As a university staff member, I was able to take advantage of a discount on Windows 7 Ultimate. As it turned out the upgrade version was the only version available on DVD with no manuals. No problem. And since VMWare Fusion 3 supports 64 bit Windows on Mac OS X Snow Leopard, I figured, what the heck, let’s go 64 bit at last! Even though, this was a upgrade version, because I had previously installed Windows 7 Release Candidate, I was eligible to use the upgrade. The question that remained was how to actually go about doing the install. I’d read a lot about what others had done on the net, but of course everyone’s experience may vary. So here is what happened to me, in the hope that it will be useful to others.
The first thing I discovered was that there was no way to do the install from the physical DVD in VMWare Fusion 3. I started using the Easy Install option in VMWare, but for some unknown reason, it was never able to boot the VM from the DVD. As near as I could tell, it wasn’t even detecting the DVD at all. To be sure that the DVD was in fact bootable, I tried it out on another PC. Since the Windows 7 RC was installed from an ISO image, I decided to create an ISO from the DVD using the Mac Disk Utility. This is done by creating a new CD/DVD master image from the DVD. The resulting file will have a .cdr extension. Just change this extension to .iso.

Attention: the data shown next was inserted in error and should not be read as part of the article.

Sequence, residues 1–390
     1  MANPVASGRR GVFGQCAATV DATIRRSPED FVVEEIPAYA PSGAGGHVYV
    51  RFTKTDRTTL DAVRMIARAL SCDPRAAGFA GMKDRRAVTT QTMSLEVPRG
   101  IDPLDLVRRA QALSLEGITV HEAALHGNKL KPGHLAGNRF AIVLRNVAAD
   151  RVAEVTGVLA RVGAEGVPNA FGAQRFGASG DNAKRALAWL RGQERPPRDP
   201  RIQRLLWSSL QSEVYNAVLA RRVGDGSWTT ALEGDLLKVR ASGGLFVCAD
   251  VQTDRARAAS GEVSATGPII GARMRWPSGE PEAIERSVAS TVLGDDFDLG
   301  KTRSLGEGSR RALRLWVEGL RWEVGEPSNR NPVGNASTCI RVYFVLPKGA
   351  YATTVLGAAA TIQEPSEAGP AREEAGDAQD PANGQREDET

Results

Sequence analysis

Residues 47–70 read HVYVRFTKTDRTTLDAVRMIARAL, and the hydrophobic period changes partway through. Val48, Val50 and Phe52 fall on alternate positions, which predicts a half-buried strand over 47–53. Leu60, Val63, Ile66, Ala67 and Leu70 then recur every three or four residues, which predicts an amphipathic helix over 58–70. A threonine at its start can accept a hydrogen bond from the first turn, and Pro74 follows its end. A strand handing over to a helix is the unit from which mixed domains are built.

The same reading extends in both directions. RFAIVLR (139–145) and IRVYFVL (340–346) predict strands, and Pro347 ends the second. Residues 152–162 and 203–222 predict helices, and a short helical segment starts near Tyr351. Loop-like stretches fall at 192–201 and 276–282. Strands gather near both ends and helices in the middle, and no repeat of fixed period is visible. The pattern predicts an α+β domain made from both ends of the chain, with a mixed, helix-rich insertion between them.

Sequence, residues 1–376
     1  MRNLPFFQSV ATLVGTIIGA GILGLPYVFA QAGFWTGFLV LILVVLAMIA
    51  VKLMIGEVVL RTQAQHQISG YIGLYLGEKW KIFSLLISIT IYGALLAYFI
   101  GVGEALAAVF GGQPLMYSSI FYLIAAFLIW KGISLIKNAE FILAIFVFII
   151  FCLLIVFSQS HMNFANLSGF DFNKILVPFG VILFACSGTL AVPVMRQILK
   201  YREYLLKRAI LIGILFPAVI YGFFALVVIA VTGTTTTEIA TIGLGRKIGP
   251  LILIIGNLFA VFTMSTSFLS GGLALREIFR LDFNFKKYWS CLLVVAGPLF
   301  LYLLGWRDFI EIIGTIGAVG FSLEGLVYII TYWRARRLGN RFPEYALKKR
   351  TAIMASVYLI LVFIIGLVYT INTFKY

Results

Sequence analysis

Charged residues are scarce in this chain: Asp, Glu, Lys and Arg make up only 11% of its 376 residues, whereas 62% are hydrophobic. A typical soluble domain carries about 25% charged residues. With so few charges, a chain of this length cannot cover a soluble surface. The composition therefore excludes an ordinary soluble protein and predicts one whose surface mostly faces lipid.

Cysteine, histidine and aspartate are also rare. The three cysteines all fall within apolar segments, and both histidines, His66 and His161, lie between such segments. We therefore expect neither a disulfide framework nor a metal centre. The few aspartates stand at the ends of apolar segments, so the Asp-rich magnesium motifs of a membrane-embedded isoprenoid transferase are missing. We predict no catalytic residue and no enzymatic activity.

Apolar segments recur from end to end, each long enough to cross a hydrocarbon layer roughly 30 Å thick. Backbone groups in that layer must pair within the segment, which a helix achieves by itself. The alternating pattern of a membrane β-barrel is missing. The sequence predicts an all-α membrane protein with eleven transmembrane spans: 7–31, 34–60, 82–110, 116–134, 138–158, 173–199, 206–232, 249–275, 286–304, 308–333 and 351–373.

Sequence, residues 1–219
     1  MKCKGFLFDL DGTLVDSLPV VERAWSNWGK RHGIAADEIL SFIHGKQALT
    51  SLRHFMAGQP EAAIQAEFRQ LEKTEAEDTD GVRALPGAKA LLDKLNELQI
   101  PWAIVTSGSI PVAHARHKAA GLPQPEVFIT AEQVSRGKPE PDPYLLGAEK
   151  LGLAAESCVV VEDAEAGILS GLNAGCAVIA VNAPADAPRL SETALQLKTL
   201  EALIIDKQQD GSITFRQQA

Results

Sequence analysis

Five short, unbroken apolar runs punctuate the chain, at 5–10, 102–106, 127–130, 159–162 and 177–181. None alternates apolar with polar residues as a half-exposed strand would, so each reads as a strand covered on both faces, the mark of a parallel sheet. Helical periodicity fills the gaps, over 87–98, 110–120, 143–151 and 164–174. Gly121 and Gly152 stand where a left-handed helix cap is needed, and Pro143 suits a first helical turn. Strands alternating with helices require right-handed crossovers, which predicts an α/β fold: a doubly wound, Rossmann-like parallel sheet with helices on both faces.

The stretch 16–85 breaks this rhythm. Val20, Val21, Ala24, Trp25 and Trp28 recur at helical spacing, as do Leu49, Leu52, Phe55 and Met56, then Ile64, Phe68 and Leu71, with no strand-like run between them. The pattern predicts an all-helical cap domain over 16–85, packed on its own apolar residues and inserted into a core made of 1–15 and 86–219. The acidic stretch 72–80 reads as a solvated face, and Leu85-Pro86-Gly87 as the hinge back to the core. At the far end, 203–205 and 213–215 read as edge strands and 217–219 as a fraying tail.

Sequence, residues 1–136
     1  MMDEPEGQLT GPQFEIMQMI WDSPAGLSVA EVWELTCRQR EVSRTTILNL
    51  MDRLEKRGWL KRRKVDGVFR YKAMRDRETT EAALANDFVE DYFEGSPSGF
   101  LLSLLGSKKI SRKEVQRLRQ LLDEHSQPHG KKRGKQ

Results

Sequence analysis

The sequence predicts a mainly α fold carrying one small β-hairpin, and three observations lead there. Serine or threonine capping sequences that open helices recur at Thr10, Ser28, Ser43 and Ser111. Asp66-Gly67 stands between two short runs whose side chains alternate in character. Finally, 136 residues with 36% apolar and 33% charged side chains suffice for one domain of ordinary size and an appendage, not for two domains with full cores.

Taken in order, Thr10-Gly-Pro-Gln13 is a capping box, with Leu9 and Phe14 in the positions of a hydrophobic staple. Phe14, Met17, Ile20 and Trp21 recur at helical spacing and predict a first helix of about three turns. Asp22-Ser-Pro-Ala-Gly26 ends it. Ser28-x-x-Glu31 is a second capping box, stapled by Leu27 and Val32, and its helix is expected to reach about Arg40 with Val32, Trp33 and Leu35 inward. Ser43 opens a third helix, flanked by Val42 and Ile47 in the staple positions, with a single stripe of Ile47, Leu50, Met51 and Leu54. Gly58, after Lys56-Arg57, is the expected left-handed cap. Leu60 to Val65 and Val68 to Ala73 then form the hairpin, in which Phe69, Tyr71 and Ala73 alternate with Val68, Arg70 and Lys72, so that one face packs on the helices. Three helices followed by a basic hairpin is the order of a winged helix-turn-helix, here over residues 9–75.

So with ISO in hand, so to speak, I tried the install again, also choosing not to enter the product key during the VM setup process. I’d read that you should install without the key first and then activate within Windows later. This install went well and all was good until I tried to activate Windows. Then I got an error saying that my key was for an upgrade version not a clean install.
Ok, that wasn’t entirely unexpected. I had hoped the install would ask for the product key of an upgrade eligible version of Windows. But it turns out, and this was confirmed by other net reports, that the install needs to see a Windows installation somewhere on the computer when it runs.Â Now how to do that in a VM? I had read of people connecting external drives with Windows on them to get around this, but I wasn’t clear on how to do this in a VMWare VM. Then I noticed that I could add additional hard drives to the VM, including virtual drives of other VMs!
So I junked the new Windows 7 VM and started over. This time though, before starting the install, I edited the VM to add the Windows 7 RC VM virtual disk (.vmdk file) as another hard drive. This time, the install proceeded as before except the activation was successful! Once I was sure everything was working as necessary, I shut down the VM and removed the Windows 7 RC virtual disk from it.
So far, everything is running smoothly. Hopefully, VMWare will fix what I think is a bug with the DVD boot issue I encountered. As for Microsoft, they could make things easier for upgraders too, but I won’t complain too much. Letting the Windows 7 RC users upgrade rather than pay full price is a nice gesture on their part, even with the little puzzle I had to solve.